NORTH NEWTON, KAN. – For John Thiesen, longtime archivist at the Mennonite Library and Archives (MLA) at Bethel College, as well as Bethel co-director of libraries, this past spring break brought a career high point.
Thiesen made a trip to northern Arizona to the Hopi Reservation to deliver a flash drive that represented “one of my top five archival successes,” he says – and that’s from a career that spans 25 years.
On that flash drive, in digital format, were about 2,300 photo negatives and 150 glass lantern slides from the collection of Heinrich (H.R.) Voth, a General Conference Mennonite Church missionary with the Hopi in the late 1800s.
“The MLA has an ongoing program of digitizing photos and other materials from our holdings,” Thiesen says.
“A few years ago, I decided to start scanning the H.R. Voth negatives. Many of them are from his various terms as a missionary in Orayvi on the Hopi Reservation, plus family and church activities from Kansas and Oklahoma. It represents probably one of our more important collections because of Voth’s ethnographic writing and research about the Hopi.”
Voth was a serious student of Hopi language and culture, projects he first undertook to better equip himself for mission work but which increasingly fascinated him for their own sake.He collaborated with museums and anthropologists from around the world who were interested in the Hopi, most notably with George A. Dorsey and the Field Museum in Chicago.
Voth, who died in 1931, left his papers and photos – which also deal with his first mission efforts among the Arapaho in Oklahoma – to the MLA.
From the vantage point of 2015, Voth’s ethnographic and anthropological efforts among the Hopi have not always left him in a good light.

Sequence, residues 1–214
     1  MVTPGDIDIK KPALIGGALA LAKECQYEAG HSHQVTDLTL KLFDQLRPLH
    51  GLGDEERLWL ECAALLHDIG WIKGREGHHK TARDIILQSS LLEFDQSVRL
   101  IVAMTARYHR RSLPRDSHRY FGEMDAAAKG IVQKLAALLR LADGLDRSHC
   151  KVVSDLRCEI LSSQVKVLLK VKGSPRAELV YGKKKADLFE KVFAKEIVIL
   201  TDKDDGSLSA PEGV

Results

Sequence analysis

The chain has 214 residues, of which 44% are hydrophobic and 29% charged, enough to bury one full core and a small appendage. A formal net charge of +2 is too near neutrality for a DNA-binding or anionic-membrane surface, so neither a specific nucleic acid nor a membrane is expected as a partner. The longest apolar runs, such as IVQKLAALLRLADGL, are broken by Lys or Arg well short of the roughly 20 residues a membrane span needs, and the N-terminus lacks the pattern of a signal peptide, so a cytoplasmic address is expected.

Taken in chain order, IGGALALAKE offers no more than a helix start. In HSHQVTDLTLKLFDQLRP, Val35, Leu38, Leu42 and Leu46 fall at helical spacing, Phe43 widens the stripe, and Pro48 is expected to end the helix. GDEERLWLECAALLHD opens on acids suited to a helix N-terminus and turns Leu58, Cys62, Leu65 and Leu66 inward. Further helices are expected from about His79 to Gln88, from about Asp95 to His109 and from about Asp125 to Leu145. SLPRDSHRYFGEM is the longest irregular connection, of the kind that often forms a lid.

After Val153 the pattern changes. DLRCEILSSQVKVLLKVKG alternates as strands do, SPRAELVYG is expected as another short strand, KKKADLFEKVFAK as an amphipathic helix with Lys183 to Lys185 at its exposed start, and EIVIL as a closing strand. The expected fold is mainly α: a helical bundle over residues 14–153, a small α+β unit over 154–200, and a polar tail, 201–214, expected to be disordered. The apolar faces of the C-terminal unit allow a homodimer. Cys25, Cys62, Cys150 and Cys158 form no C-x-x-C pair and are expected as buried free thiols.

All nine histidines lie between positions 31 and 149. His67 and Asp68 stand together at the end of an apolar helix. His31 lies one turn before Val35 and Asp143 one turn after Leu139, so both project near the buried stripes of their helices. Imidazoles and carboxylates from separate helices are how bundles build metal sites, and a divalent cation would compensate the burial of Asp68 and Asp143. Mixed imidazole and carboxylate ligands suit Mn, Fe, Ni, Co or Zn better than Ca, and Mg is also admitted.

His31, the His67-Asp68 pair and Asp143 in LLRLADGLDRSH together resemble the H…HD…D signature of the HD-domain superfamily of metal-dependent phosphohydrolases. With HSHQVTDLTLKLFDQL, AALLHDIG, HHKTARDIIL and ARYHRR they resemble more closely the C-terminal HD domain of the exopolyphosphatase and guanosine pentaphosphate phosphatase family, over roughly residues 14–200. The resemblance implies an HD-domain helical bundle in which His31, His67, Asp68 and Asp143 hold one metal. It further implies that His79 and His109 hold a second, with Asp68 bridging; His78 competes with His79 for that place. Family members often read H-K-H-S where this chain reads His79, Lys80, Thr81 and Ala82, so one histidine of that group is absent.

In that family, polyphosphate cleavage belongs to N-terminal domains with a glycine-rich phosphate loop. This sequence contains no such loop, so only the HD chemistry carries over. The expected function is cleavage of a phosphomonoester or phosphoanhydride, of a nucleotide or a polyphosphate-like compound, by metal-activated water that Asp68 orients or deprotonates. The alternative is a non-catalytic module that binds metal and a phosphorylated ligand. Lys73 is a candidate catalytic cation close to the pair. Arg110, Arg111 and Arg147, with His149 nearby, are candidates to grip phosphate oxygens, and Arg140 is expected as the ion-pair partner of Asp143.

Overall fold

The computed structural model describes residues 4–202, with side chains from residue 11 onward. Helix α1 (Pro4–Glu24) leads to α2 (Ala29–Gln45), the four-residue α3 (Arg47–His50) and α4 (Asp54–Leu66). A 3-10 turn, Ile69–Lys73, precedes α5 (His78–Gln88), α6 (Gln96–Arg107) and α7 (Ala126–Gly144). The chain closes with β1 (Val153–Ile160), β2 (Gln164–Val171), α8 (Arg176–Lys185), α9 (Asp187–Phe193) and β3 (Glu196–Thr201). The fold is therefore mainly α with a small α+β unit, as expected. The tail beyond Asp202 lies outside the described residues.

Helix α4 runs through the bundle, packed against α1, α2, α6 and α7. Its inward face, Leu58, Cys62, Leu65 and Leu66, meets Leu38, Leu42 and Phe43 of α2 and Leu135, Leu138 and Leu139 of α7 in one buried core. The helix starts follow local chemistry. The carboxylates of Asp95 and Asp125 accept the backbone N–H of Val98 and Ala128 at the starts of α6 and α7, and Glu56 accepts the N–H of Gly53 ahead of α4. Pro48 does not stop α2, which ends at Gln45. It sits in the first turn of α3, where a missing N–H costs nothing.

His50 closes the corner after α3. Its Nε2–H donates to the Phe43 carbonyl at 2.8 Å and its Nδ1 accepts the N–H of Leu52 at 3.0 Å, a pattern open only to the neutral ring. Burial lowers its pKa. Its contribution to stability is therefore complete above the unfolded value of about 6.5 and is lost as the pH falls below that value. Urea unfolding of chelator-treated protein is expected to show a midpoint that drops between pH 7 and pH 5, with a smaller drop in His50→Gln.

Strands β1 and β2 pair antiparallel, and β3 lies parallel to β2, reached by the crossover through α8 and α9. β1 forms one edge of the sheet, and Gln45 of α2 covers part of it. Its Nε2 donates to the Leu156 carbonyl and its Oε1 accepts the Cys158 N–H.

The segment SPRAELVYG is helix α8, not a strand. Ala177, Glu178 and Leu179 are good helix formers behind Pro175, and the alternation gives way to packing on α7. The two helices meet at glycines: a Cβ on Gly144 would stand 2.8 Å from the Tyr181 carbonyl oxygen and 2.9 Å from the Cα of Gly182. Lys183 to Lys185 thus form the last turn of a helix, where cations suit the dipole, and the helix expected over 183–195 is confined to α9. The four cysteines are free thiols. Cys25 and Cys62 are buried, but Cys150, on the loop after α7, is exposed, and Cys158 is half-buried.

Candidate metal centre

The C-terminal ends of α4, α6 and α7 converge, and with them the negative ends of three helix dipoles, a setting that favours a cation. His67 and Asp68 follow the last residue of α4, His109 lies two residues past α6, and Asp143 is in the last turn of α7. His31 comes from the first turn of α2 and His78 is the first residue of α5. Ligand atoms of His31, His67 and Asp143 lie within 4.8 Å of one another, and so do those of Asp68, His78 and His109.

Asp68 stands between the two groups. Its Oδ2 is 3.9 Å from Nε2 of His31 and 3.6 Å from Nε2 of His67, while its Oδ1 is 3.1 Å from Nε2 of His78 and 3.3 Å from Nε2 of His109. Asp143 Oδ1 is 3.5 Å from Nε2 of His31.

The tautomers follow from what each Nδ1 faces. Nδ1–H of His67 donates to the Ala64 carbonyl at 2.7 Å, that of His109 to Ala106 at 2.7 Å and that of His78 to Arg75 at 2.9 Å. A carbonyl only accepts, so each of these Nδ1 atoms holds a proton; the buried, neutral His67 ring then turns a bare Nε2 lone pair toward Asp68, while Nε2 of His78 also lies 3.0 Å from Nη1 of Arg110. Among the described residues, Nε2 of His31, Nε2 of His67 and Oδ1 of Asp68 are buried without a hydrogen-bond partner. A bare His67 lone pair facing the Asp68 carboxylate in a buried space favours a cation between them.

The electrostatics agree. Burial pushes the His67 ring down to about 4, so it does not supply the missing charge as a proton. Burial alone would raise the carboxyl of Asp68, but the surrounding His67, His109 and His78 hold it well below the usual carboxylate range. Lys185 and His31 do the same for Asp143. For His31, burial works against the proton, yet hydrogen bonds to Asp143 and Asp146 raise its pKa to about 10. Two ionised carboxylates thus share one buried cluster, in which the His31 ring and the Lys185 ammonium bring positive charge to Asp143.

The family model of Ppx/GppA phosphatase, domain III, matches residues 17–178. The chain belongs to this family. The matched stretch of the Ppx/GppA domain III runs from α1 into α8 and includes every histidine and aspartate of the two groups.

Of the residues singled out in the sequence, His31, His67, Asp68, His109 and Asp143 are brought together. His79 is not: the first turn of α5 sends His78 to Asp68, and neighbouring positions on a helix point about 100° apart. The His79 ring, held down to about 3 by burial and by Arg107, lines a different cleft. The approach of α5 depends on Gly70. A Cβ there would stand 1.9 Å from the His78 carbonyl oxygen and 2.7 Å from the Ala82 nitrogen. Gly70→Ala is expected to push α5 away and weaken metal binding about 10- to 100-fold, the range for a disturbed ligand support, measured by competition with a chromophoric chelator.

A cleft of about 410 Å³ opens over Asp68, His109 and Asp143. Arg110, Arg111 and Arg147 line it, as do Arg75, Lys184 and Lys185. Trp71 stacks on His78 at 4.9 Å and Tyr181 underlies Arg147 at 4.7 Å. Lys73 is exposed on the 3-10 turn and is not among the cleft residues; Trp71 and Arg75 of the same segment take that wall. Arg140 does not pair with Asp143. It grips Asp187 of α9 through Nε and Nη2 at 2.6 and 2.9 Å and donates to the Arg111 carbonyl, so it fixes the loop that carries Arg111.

“A lot of the photos relate to [Hopi] religious ceremonies,” Thiesen notes, “which is a controversial aspect because from a present-day perspective, he shouldn’t have taken the pictures.
“That makes the Hopi oral tradition about Voth negative – he intruded into the religious life of the community and made it public, in a sense, by putting some of the photos into anthropology publications, pamphlets and books.”
Thiesen began the process of scanning the Voth photo collection in November 2011 and finished in November 2014.
“The negatives are nitrate negatives,” Thiesen says. “[Nitrocellulose] was the original material used for both still photos and films. It’s highly flammable – if you’ve ever heard stories of movie studios burning up, it’s because enough of the film packed together can spontaneously combust. It also deteriorates more easily than later film such as acetate that came in the ’30s and ’40s.”
Voth started taking photos in 1893, continuing until about 1912.
“Once I was close to being done with the scanning,” Thiesen continues, “it seemed to be a good idea to make the photos available to the Hopi Cultural Preservation Office, one of the places that would have the highest interest in them.
“I got in touch with the head of that office and the tribal archivist to ask if they wanted a set of these scans.”